Going overdrawn can be an expensive business. In the UK, unauthorised overdrafts averaged £680m on any given day in 2006 – just over £10 per bank account. According to the Office of Fair Trading, the charges levied by banks on those overdrafts were £1.5bn, a tasty return of more than 220 per cent. Banks also make money by paying risible interest on positive balances – an incentive to keep your current account lean and, Doh!, to overdraw accidentally – and by other obscure charges. The Office of Fair Trading doesn’t like it and nor do many customers – although they rarely express their displeasure by switching bank accounts.
There are two common responses. People either grumble about money-grabbing banks or point out, smugly, that if only others would manage their affairs responsibly, they wouldn’t incur any of these charges.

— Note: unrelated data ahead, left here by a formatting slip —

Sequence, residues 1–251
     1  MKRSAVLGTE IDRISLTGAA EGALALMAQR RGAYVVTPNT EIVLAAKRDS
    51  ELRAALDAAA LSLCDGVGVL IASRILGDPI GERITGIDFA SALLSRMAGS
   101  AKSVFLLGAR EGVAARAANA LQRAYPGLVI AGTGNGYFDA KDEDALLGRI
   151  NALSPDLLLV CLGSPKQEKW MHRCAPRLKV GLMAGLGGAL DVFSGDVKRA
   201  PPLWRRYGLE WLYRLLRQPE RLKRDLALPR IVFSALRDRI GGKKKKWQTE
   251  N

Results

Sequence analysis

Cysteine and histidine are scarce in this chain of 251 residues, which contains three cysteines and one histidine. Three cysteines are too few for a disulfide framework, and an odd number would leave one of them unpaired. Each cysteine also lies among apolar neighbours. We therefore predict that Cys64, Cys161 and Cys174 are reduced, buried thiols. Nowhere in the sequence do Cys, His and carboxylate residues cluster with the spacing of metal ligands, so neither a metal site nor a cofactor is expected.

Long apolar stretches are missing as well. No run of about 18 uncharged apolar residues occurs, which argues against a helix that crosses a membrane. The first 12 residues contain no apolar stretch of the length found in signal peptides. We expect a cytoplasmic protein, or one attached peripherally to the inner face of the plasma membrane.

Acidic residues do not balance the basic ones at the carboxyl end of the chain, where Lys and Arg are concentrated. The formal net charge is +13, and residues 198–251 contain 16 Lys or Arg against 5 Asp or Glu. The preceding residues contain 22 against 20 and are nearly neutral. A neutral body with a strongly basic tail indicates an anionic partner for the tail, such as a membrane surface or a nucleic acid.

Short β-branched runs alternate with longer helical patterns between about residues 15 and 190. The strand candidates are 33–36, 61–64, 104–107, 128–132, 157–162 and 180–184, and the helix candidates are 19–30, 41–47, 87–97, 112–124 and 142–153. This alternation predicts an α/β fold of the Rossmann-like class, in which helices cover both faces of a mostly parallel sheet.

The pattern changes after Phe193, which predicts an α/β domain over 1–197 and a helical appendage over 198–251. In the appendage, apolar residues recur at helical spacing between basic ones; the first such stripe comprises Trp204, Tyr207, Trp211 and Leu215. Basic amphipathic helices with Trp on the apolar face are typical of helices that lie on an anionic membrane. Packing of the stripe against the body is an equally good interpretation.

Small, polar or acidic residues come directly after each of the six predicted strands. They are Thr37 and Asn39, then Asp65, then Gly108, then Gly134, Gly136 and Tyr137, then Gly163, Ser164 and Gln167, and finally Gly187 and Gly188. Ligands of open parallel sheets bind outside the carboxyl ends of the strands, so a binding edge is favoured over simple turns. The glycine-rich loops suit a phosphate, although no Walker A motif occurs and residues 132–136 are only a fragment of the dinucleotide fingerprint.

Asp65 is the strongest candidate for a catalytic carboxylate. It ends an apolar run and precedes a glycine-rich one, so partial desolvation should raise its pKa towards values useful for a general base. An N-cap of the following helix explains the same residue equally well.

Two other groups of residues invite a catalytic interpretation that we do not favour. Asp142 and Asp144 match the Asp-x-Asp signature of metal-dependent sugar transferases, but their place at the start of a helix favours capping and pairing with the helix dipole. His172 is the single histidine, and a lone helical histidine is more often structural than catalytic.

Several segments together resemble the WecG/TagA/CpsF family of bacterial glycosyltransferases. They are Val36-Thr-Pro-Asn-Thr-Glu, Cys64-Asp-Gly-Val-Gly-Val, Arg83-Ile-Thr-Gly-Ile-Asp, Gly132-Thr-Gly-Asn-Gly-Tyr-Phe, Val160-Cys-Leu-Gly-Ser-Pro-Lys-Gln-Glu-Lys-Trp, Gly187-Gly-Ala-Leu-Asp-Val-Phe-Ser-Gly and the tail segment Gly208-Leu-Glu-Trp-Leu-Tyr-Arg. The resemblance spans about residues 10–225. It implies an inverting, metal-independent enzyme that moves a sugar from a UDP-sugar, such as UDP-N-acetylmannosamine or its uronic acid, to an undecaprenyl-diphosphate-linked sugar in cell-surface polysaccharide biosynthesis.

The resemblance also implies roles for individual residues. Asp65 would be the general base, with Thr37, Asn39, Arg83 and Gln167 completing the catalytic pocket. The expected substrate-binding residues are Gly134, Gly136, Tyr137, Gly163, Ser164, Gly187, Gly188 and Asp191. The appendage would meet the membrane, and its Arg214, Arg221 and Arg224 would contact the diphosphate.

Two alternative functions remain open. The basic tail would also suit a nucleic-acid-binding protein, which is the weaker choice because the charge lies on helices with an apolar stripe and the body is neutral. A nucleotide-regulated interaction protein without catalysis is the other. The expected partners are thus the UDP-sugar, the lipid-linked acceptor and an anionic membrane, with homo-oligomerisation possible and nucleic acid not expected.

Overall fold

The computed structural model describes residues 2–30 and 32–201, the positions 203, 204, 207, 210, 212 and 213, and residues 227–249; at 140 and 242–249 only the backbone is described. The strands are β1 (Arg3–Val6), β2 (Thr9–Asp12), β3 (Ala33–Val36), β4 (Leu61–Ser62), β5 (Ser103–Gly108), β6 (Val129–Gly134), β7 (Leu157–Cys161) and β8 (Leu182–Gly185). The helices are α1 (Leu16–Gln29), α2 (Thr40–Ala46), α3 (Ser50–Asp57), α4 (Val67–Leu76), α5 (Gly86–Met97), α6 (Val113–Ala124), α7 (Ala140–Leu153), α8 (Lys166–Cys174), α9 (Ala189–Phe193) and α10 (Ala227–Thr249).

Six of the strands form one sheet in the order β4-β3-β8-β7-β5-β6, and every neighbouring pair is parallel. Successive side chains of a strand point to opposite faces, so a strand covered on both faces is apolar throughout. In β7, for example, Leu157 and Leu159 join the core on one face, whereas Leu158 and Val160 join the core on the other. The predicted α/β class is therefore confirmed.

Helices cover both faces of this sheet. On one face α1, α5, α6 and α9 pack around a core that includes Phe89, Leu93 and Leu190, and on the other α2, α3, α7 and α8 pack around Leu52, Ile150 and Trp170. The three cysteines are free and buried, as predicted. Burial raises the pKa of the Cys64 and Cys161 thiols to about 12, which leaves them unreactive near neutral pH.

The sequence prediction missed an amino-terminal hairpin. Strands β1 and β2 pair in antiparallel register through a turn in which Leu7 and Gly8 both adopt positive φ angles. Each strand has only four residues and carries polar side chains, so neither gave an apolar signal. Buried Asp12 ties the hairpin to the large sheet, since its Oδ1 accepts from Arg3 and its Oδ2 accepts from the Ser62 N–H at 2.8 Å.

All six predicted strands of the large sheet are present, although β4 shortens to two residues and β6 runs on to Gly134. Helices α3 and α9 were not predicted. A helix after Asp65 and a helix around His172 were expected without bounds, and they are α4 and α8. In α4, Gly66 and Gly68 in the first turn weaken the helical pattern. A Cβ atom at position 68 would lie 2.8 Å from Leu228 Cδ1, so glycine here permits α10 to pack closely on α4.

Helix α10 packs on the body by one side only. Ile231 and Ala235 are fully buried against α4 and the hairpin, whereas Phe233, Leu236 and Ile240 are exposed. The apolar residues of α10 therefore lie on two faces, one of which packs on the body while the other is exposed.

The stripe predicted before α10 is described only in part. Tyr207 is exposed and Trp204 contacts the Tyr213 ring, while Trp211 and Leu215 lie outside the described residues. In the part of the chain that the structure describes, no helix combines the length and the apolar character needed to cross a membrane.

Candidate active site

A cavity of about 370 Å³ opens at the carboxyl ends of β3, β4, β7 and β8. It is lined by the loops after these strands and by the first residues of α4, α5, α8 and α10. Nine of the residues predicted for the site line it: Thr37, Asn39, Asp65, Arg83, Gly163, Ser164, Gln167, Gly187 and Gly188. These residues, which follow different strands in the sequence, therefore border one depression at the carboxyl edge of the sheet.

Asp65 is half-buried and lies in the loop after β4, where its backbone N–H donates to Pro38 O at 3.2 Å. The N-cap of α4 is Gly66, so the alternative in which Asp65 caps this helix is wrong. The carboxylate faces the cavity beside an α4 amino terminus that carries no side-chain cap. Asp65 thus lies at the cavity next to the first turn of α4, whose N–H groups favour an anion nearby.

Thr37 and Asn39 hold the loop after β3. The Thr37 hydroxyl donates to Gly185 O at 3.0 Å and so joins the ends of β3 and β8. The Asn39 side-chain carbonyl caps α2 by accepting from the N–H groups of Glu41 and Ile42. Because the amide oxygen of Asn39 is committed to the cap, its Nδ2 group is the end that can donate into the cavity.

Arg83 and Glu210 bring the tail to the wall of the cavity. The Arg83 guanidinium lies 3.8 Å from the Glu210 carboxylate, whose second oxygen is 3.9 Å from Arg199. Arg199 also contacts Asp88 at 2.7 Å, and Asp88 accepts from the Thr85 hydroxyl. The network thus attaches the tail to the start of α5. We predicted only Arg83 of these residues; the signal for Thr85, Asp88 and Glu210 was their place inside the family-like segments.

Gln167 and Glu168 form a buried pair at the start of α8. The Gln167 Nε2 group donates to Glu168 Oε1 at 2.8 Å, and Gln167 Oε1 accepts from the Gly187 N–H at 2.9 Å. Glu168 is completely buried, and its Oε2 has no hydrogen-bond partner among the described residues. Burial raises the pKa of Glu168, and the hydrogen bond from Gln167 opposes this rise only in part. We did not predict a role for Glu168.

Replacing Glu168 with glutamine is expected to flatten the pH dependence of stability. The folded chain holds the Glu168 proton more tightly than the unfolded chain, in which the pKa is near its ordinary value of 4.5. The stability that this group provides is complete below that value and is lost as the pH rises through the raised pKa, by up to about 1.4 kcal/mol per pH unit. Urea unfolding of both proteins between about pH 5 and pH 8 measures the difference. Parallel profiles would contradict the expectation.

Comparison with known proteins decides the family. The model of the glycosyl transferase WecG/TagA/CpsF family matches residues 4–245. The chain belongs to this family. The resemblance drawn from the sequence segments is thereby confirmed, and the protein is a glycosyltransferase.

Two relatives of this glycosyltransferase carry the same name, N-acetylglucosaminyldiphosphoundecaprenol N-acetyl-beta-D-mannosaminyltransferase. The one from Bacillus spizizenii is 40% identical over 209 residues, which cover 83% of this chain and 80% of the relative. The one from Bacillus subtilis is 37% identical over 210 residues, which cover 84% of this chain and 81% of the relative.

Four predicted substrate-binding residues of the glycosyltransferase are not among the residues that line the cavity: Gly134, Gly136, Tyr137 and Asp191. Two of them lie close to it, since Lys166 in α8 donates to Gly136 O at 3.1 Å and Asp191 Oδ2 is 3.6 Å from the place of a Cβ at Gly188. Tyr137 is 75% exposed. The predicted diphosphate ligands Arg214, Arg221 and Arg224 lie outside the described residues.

There’s a certain amount of truth in both responses. Yes, banks are money-grabbing, but healthy competition would keep the greed in check. And, yes, careful customers are being subsidised, heavily, by careless ones. The trouble is that the whimsicality of the pricing makes it hard to find out which bank is offering a good deal. Most people realise that overdraft charges are steep, just as they realise that popcorn in cinemas is expensive and mobile-phone companies will all but pick your pocket if you make calls overseas. Knowing this doesn’t make it easy to find the best product, which means competition won’t work well. When competition works poorly, many customers lose out – even those who bring their own snacks to the cinema and use public phones on holiday.
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